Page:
The flaw in the original SGP was its rigidity. It didn’t allow "countercyclical" fiscal policy — that is, policies that offset the changing tides of private demand. It did not even permit budget deficits to rise if the cause was declining tax revenues in recessions.

Chile’s rule beats the one-size-fits-all trap by targeting the structural budget deficit, defining the acceptable deficit by what it would have been in more normal times. In a boom, the government can thus spend the increased revenues if and only if the boom is structural — that is, permanent. If the bonanza is cyclical (and thus temporary), the revenues must be saved.

But there’s another flaw here, even with rules keyed to structural deficits: Who is to forecast economic growth? Who is to determine (in real time) what is structural and what is cyclical? Politicians can always attribute an excessive budget deficit to temporarily disappointing economic growth and duck the issue of reducing it — if they’re lucky, until they leave office.

Chile’s structural balance regime limits the loopholes by specifying that the government may run a deficit larger than the target only to the extent that output falls short of its long-run trend, or the price of copper is below its medium-term (10-year) equilibrium. And crucially, those numbers are not left to politicians to calculate. In the middle of each year, panels of independent experts estimate them. The government then follows prescribed procedures to translate the numbers into the structural budget balance.

I’ve studied official government forecasts of economic growth rates and budgets in 33 countries. On average, there is a significant bias toward optimism, which is stronger during economic upswings: growth apparently leads officials to conclude that good times will go on rolling indefinitely. This finding explains why so many governments fail to repair the holes in their roofs while the sun is shining.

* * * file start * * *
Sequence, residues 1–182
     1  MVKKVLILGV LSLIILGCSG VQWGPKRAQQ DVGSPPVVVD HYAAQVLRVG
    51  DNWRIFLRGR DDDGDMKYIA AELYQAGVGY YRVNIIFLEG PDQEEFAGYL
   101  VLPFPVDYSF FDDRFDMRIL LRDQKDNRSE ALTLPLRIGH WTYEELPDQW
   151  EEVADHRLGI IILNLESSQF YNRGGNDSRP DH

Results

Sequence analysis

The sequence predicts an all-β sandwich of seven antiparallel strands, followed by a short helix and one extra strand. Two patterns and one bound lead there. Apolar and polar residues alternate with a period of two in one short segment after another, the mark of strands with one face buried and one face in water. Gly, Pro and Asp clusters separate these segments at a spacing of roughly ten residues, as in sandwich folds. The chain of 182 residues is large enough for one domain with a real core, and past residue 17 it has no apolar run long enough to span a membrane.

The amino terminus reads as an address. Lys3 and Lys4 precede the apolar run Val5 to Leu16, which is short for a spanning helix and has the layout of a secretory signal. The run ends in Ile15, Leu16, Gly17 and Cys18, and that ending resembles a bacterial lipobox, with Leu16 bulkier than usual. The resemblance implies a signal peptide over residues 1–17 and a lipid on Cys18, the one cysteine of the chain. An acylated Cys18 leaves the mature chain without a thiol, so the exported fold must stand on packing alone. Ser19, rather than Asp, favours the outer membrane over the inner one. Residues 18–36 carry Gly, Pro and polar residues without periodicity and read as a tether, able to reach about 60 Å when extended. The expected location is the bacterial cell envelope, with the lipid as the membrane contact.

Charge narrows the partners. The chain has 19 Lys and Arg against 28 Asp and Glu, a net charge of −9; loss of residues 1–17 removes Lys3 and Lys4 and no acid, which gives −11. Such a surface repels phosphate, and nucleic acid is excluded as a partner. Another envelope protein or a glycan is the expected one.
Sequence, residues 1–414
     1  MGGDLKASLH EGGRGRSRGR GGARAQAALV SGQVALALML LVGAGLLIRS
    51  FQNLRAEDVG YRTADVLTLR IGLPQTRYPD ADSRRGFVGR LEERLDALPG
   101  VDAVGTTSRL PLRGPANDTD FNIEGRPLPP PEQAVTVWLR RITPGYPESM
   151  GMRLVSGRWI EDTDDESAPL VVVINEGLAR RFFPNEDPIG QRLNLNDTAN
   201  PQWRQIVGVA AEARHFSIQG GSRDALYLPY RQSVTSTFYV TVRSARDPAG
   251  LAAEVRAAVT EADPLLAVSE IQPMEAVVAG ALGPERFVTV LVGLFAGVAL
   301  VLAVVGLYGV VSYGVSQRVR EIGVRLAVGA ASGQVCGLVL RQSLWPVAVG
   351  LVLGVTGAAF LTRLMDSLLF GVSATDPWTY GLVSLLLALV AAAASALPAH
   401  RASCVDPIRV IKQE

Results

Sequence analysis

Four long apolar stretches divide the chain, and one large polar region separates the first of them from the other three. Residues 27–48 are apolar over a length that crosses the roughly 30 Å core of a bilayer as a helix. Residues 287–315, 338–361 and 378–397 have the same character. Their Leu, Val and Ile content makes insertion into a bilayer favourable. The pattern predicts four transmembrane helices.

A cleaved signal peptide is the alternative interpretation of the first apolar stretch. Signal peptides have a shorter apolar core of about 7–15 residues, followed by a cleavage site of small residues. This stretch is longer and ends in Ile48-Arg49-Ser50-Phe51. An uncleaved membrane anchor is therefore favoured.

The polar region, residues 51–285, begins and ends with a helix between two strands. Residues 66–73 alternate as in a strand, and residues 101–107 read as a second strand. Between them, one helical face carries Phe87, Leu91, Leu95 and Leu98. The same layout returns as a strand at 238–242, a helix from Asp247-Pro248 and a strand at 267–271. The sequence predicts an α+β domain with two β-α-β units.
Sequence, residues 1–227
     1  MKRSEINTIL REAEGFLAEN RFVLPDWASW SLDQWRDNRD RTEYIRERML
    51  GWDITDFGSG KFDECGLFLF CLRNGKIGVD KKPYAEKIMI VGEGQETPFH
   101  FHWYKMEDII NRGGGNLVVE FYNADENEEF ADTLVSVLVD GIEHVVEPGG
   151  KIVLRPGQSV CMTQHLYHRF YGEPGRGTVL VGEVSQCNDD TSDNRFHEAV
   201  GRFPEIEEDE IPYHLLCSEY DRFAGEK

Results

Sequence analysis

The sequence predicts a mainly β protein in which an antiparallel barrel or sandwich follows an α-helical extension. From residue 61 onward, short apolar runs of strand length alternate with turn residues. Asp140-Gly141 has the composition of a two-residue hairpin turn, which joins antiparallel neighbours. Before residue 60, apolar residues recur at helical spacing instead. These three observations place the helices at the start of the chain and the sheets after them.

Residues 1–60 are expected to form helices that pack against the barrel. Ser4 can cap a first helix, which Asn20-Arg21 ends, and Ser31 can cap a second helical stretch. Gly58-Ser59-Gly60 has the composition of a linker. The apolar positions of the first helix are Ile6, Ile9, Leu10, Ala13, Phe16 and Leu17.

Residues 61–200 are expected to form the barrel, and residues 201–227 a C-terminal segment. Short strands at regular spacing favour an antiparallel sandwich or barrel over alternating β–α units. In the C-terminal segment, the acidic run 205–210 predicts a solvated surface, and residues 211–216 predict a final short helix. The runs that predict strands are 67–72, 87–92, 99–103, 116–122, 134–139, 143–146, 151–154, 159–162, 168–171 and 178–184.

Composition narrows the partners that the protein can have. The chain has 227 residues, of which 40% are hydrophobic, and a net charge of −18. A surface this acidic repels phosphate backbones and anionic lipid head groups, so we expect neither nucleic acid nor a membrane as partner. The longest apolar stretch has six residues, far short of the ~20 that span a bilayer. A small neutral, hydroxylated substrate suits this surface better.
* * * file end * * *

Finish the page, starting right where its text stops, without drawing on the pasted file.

More surprisingly in light of economists’ love affair with rules, the bias toward smiley faces is stronger for countries that have SGP-type rules than for those that do not. When a country’s budget deficit exceeds the rigid target, officials find it expedient to forecast that things will get better next year.

Nobody in Chile claims that the forecasts of experts are accurate. But they are far less likely to be systematically biased than those cooked up by politicians. Indeed, unlike the rest of the 33 countries, Chile has managed to produce forecasts that have not been biased toward optimism since 2000.

Part of the credit for Chile’s structural budget rule should go to the government of President Ricardo Lagos (2000-2006) and his finance minister, Nicolas Eyzaguirre. They opted for the structural budget benchmark, and delegated the calculations to experts. The payoff, in the form of budget surpluses in good times, was immediate. Between 2000 and 2005, public savings — that is, the difference between revenues and expenditures rose from 2.5 percent of GDP to 7.9 percent.